This paper aims to demonstrate how a librarian at a liberal arts college partnered with a professor of rhetoric and media studies to teach students methods to classify sources using Bizup’s BEAM.
Students in rhetorical criticism, read the Bizup article on BEAM. The library instruction included a discussion of the article and an application exercise where students classified cited references in a peer-reviewed journal article using BEAM.
BEAM was a valuable addition to the rhetorical criticism course. The application exercise used in the library instruction session introduced BEAM as a tool to be used in reading and evaluating sources. Students were able to apply what they learned as they selected, deciphered and interpreted sources of information for use in their academic writing.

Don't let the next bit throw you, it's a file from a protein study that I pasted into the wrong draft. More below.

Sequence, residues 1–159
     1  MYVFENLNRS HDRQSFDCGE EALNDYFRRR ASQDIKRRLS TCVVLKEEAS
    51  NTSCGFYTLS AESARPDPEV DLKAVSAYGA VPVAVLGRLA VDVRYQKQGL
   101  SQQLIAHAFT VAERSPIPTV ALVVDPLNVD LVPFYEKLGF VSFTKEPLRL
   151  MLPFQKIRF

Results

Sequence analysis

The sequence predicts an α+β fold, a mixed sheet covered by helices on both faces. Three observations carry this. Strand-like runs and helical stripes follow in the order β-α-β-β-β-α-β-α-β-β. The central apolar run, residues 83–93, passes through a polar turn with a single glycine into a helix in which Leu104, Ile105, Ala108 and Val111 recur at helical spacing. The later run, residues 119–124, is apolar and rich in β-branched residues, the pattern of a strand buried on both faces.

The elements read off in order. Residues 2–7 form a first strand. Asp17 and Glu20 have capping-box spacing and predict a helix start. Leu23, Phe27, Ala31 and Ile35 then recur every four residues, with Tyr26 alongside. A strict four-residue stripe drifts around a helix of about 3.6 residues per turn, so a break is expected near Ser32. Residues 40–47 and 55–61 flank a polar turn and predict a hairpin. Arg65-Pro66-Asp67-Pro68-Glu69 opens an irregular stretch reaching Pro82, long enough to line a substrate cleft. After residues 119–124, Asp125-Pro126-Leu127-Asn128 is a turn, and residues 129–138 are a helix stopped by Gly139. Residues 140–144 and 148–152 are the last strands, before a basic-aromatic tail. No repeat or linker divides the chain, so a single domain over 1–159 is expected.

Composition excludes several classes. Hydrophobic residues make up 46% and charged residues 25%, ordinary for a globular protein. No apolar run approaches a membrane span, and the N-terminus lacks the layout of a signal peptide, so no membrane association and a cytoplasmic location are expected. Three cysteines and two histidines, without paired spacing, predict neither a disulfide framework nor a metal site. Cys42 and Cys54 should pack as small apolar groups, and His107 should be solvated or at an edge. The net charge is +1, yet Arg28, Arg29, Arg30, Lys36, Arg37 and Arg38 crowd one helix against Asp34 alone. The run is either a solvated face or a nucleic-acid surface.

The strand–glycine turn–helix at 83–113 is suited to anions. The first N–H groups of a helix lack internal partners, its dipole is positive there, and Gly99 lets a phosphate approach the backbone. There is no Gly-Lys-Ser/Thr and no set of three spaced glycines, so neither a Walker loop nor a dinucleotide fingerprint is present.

Librarians teaching in a variety of academic disciplines may use or adapt BEAM as a tool for helping students learn to critically evaluate information sources, as they read texts and as they engage in research-based writing assignments.
This work showcases how librarians using BEAM can extend library teaching beyond traditional bibliographic instruction and into the realm of critical inquiry. It also demonstrates how librarians can use BEAM to initiate conversations with academic faculty about information literacy. It also contributes to an emerging area of scholarship involving the use of BEAM to teach source evaluation.
The author wishes to thank Kundai Chirindo, Assistant Professor of Rhetoric and Media Studies at Lewis & Clark College. Without his willingness to collaborate with the author to incorporate BEAM into the curriculum for his Rhetorical Criticism course, this work would not have been possible.
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